How to Treat Your Dog

Michael Baugh CDBC CPDT-KSA

Many of us have noticed, when we’re training our dog he seems to be more worried over the treat bag than the task at hand. He can’t take his eyes off the bag, as if staring at it will cause the food to magically leap out of the bag.

There’s a reason this happens.

Many of us, when we are training, are more worried over the treat bag than the actual task of training our dog. We are busy fussing with the bag or digging in it. My guess is that we’ve been programmed to think we have to be lightening fast with the food or the training won’t stick.

That’s not true. And, our preoccupation with the treat bag is actually derailing our training efforts. It’s distracting the dog and causing him to focus on it rather than on the stuff we are trying to teach him.

How we use food and how we deliver that food in training matters. I hope these step-by-step instructions help.

1. Keep your hands at “home position.” When you are teaching your dog, let your hands relax at your side – at home position. Notice where your hands are are and keep them there. Definitely keep them out of the treat back. You may use one of your hands (usually the one not holding the clicker) to give your dog a visual cue – but really, most of the time your hand will just be hanging there.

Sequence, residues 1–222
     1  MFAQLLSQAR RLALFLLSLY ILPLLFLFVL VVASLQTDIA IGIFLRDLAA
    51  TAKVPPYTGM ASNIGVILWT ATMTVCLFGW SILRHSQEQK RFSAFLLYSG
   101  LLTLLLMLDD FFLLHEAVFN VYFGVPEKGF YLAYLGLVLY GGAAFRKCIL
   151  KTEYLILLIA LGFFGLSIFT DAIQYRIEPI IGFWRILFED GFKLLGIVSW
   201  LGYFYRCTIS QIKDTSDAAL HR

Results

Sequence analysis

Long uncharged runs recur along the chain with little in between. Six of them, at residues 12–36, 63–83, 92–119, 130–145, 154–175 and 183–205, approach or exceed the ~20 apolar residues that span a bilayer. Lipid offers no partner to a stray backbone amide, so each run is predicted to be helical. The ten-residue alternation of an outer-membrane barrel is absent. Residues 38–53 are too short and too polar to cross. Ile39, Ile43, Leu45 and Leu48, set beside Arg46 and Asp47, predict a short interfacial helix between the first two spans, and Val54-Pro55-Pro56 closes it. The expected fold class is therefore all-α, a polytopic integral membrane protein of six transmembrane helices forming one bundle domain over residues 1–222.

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2. Click when your dog performs the task. Your treat hand remains still and at your side when you click. Stay out of the back. Count 1-one-thousand to yourself after the click.

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3. Reach in the bag and get a treat. This happens after the click (not at the same time), and after that brief 1-one-thousand pause.

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4. Give your dog the treat.

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These events to not overlap. They are three separate and distinct steps.

Click –> Reach –> Feed.

 

Michael Baugh Teaches dog training in Houston TX.  He lives with his husband and two dogs, Stella and Stewie (pictured above).

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